For years, Paris Slapikas struggled with an inner voice that told her something in her life was missing even when everything seemed to be in the right place. She didn’t listen at first. “I didn’t open myself to it,” she says. “The more I fought it, the harder things became.”
In August 2007, as Paris prepared for her first vow ceremony with the Sisters of Charity of Nazareth, she recognized the small voice in her heart had slowly transformed into the calling of a lifetime. A call to enter religious life, a life dedicated to service and mission. So what has the journey been like for Paris, a young woman in search of her true calling?
It began in Alabama, as Paris, the youngest of four in her family, decided to go on a pilgrimage at the age of 14. She recalls this as the first step in her spiritual and emotional development. She began searching.
The thought of religious life hadn’t yet entered her mind. Paris dreamt of a family of her own, of being the mother of six children and a wife. And when she did begin to think of being part of a community of women religious, her mind filled with stereotypes – stereotypes she had to let go of.
When Paris took a volunteer job in Ft. Lauderdale, Fla., at Covenant House, she met SCNs Eva Kowalski and Nancy Gerth. They weren’t working in the same department, but she remembers being attracted to their spirit from afar. “There was something about them that I wanted to know,” Paris explains. “They seemed really grounded, really committed to service, also with a real sense of generosity.”
She continued to watch Sisters Eva and Nancy for a while without trying to connect with them. But the little voice in her heart was growing stronger. “I don’t even know how to explain it. There were simple things, the way they carried themselves, and gave of themselves. I felt it was coming from their spirituality.”
She came to visit the Nazareth Campus for the first time during a retreat. Today, she chuckles calling that her “undercover” mission, because she was yet unsure to voice her search to the Sisters. The trip was a big step in her formation, “I had a sense of peace and calm that I didn’t have when I wasn’t here.”
The next time she took the trip to Nazareth, it was intentional. By now, she could clearly hear her call. The campus greeted her again, and she felt like she was coming home. “One thing that struck me was that some of the Sisters I met the first time remembered who I was. That sense of hospitality blows you away from the beginning.”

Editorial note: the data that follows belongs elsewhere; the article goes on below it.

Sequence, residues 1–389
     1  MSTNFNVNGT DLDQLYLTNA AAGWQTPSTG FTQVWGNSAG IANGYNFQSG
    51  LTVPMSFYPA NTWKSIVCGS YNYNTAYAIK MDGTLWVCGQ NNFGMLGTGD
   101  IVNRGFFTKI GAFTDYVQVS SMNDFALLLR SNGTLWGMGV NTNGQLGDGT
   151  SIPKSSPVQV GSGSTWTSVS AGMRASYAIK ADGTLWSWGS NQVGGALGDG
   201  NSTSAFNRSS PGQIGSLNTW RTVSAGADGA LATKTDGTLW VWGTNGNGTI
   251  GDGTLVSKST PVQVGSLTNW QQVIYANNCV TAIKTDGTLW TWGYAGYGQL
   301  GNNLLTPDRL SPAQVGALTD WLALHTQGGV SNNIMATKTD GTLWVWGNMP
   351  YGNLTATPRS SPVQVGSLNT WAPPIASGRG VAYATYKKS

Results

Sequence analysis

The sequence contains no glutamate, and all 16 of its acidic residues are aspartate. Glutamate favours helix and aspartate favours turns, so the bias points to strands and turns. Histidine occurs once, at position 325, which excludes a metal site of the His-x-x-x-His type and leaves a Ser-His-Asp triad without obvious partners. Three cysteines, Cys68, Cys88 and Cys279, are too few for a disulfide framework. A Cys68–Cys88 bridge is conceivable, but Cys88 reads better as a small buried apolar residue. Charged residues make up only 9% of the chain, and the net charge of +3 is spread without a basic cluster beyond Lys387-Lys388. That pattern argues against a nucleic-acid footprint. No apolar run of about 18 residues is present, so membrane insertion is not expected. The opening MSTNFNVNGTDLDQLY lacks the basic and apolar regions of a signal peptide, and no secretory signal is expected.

During a hospitality weekend at Nazareth the following summer, Paris expressed her desire to begin discernment. “It was a real sense of freedom that came to me when I could talk about it openly.”
What followed wasn’t a walk in the park. While the discernment process offered her a chance to share her beliefs, desires, stories of faith, so many questions also flooded her heart and mind. “What does it mean? Where is it going to take me? What happens to my dream of having a family?”
For four years, first as a candidate, then as novice, Paris experienced the SCN community as supportive and comforting, staying by her side during such a personal journey. “They said to me, ‘we want what you want. We will journey with you even if you are journeying somewhere else.'”
Her mentors throughout this process helped her see that there was nothing wrong with the struggle she was experiencing, that “true discernment happened between two goods,” and she just had to follow the stronger call.
Soon, she recognized the strong desire to be a Sister in mission with the SCNs. The exact feeling cannot be put into words. “It’s a heart thing,” she explains. “It’s not about a handful of people in the community, it’s the whole community… what it stands for, what it embodies, that has kept me here.”
Looking back, Paris wishes she would have spoken up sooner. “I made my personal journey much harder than it had to be.”
As she took steps down the aisle in St. Vincent Church at Nazareth, Paris made an official commitment, but she said she felt she was an SCN long before that day. “I’ve lived these vows as a novice. This is a public recognition of the choice that I’ve made.”
She is ready to go into full time mission, to travel and experience the passion for mission SCNs are all about. “My reality has changed.”